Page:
Report: School Voucher Trends Go Against Original Intent
February 19, 2002 at 6:55 PM EST - Updated July 3 at 5:00 PM
AKRON, Ohio (AP) - As the U.S. Supreme Court considers the constitutionality of the Cleveland voucher program, a newspaper's analysis found that the program may be falling short of its school-choice goal.
When the first vouchers were awarded about six years ago, state leaders said it would allow poor families the same option as wealthier families to choose between Cleveland's city schools and a private school.
The Akron Beacon Journal reported Tuesday the average income of families receiving vouchers was less than $10,000 six years ago.
This year, only 31 percent of voucher recipients come from families with income below the poverty line; 28 percent of the families earn twice the poverty rate.
The newspaper's analysis of Ohio Department of Education data found that in the sixth year of the program, enrollment in Cleveland's private voucher schools is down 2,170 from the beginning of the program, while other school enrollment is up, when considering public and charter schools.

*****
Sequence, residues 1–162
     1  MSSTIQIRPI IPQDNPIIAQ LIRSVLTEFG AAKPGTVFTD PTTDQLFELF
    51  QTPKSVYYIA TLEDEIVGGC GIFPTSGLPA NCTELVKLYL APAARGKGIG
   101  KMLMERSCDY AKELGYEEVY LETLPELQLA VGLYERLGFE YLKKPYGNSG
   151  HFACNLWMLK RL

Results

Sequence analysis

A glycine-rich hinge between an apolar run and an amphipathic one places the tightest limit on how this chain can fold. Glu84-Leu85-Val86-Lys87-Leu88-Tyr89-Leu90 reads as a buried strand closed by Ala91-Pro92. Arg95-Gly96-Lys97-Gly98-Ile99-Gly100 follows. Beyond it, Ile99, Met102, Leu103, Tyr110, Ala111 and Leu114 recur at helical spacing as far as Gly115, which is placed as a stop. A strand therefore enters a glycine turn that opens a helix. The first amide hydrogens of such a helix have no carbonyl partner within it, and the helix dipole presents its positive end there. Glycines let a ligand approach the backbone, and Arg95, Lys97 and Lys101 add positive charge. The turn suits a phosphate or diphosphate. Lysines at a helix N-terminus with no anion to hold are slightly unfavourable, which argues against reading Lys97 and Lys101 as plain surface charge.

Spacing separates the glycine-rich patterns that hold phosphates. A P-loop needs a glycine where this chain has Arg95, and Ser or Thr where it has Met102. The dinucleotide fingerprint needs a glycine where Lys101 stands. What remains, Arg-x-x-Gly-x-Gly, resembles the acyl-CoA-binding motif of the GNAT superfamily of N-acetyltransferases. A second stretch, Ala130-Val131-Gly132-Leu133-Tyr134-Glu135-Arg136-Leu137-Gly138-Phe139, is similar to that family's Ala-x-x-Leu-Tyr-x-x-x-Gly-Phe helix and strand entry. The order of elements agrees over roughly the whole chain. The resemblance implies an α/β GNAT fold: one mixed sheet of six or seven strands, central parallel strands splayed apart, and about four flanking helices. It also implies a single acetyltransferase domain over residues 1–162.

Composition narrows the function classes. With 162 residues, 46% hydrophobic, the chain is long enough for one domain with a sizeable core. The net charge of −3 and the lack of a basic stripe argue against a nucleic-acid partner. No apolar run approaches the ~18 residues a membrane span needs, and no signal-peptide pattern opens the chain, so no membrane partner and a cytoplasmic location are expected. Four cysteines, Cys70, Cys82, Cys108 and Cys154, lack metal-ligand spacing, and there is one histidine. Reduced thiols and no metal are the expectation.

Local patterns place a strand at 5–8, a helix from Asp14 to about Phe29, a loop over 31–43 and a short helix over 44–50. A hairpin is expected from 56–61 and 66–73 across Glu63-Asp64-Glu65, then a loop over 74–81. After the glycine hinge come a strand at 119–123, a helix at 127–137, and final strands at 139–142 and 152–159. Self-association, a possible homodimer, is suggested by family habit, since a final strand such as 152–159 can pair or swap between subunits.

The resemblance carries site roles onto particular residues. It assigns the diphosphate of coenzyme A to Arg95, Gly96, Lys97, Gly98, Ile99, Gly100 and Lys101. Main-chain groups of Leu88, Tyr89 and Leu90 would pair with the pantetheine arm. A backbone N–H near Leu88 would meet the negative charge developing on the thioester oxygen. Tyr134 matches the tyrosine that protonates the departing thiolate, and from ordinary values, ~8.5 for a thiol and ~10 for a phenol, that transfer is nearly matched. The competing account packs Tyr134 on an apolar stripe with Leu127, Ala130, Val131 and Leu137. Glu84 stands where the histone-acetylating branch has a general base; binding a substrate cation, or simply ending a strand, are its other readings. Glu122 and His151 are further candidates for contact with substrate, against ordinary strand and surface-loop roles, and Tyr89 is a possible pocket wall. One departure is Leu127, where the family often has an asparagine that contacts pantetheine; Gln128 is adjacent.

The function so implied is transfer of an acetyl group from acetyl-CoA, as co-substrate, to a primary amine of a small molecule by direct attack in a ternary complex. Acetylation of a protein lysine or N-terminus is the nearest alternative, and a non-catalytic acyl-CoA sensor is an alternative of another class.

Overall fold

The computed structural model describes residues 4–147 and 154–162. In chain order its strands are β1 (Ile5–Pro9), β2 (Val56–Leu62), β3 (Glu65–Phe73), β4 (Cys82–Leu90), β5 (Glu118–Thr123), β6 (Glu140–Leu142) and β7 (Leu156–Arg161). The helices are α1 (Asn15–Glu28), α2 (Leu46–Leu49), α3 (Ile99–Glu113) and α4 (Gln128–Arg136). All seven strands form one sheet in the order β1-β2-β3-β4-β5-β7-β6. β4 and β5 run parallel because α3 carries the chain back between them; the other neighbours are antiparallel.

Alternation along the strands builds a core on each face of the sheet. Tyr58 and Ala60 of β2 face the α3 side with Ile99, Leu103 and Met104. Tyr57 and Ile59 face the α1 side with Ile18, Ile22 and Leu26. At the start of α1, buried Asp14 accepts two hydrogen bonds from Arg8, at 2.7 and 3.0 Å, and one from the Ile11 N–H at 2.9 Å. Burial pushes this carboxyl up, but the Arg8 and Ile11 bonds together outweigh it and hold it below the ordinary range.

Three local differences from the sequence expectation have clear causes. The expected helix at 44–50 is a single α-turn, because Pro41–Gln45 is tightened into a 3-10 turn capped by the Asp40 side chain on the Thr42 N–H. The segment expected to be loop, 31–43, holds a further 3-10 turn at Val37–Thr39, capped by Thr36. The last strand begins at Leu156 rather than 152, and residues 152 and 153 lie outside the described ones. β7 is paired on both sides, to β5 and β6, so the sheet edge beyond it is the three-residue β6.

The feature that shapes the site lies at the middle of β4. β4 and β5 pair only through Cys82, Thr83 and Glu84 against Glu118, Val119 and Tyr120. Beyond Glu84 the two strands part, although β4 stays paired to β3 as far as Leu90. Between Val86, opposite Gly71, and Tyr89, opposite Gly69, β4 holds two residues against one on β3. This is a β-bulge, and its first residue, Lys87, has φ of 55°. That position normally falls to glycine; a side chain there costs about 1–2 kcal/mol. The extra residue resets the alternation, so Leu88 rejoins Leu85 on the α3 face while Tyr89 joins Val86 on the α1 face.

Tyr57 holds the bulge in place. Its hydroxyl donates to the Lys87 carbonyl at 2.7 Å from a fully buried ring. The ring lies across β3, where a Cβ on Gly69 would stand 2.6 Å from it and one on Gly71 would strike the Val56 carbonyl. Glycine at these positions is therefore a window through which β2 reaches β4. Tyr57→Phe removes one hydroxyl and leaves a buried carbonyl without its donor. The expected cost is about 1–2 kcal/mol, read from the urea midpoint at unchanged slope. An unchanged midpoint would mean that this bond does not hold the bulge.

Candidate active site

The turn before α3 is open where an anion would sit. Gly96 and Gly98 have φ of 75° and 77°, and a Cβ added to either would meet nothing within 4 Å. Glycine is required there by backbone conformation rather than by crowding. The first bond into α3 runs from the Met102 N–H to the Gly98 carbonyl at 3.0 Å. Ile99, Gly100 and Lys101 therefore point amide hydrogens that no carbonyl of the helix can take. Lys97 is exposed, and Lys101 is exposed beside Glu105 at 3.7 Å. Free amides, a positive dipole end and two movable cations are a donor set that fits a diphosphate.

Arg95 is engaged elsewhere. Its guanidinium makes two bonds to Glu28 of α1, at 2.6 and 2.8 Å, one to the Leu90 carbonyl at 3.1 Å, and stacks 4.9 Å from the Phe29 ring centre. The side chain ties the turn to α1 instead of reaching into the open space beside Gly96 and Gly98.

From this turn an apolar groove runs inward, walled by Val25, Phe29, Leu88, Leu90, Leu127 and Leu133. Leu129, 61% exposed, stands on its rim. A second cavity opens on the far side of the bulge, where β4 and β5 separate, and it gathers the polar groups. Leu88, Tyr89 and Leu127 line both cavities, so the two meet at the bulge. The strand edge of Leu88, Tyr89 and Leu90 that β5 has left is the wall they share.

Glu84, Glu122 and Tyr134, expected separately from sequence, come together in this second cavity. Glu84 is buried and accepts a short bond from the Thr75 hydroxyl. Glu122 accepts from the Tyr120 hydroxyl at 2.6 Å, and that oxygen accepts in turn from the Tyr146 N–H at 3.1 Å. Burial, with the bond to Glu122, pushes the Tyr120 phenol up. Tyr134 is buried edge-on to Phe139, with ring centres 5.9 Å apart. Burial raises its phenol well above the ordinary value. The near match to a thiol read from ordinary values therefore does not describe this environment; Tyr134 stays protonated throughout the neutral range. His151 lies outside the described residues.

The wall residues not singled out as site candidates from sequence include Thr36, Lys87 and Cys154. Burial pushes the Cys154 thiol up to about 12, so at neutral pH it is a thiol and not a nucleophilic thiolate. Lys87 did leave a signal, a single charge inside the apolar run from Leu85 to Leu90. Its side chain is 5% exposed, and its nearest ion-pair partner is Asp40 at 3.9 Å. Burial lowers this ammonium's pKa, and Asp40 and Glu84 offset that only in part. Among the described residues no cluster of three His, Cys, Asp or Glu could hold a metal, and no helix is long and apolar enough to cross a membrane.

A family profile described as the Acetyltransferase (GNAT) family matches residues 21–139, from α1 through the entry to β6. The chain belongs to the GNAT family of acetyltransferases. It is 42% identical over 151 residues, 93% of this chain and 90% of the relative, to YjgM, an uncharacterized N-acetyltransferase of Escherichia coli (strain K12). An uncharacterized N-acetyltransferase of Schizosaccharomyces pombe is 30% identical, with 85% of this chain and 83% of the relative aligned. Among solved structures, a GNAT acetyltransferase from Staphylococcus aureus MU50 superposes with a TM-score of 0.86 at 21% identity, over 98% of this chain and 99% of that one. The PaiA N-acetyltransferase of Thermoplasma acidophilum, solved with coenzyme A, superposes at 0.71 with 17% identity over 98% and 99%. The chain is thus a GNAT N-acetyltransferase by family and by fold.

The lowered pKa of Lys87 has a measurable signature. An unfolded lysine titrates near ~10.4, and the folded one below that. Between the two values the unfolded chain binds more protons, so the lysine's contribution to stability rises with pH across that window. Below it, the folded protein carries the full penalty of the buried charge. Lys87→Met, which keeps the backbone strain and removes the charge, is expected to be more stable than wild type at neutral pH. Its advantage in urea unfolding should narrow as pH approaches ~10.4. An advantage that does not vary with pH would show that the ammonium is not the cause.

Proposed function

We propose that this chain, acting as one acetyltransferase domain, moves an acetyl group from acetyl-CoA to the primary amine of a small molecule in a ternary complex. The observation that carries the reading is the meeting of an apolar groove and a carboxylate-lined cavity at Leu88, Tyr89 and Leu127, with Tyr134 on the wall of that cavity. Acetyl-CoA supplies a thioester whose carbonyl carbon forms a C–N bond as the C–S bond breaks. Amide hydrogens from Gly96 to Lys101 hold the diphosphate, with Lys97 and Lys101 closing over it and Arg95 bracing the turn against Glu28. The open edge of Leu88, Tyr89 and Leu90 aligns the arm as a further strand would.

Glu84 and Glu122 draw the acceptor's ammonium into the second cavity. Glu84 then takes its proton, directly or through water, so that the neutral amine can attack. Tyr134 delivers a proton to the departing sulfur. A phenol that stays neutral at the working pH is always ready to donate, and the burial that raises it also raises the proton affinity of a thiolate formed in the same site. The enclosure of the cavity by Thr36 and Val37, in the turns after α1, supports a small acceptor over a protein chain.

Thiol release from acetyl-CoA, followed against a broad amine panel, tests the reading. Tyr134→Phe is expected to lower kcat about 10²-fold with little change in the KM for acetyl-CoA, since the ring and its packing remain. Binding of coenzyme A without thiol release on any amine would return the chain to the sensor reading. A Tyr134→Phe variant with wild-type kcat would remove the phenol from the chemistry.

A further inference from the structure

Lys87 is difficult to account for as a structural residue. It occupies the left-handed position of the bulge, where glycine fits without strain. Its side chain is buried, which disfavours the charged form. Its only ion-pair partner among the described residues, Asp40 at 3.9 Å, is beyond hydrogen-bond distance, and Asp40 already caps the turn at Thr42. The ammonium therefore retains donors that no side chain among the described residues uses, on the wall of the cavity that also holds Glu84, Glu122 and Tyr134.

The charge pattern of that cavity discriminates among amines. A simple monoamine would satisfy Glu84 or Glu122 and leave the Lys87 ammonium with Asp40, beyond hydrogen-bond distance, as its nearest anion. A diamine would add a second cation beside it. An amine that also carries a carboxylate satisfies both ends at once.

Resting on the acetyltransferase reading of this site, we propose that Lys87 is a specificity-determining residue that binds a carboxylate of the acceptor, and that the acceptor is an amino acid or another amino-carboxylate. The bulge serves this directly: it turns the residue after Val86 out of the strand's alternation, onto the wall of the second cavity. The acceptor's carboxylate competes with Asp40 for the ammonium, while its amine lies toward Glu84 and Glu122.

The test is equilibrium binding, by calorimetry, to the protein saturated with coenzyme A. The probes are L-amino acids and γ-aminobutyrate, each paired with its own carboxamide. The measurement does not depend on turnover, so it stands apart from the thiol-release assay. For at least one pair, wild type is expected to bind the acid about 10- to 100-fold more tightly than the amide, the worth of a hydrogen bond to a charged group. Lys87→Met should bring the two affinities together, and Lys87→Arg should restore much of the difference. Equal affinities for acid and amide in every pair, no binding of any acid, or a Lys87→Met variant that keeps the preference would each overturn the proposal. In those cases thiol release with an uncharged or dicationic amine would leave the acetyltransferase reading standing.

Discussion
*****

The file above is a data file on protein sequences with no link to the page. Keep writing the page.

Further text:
The decline occurred even though the private schools enroll 4,457 children with vouchers and the state is paying up to 85 percent of tuition.
Gov. Bob Taft's spokeswoman, Mary Anne Sharkey, said the governor continues to support the program.
"This is still in the experimental stage," Sharkey said. "We're still waiting to see how it works. It has given Cleveland families options."
(Copyright 2002 by The Associated Press. All Rights Reserved.)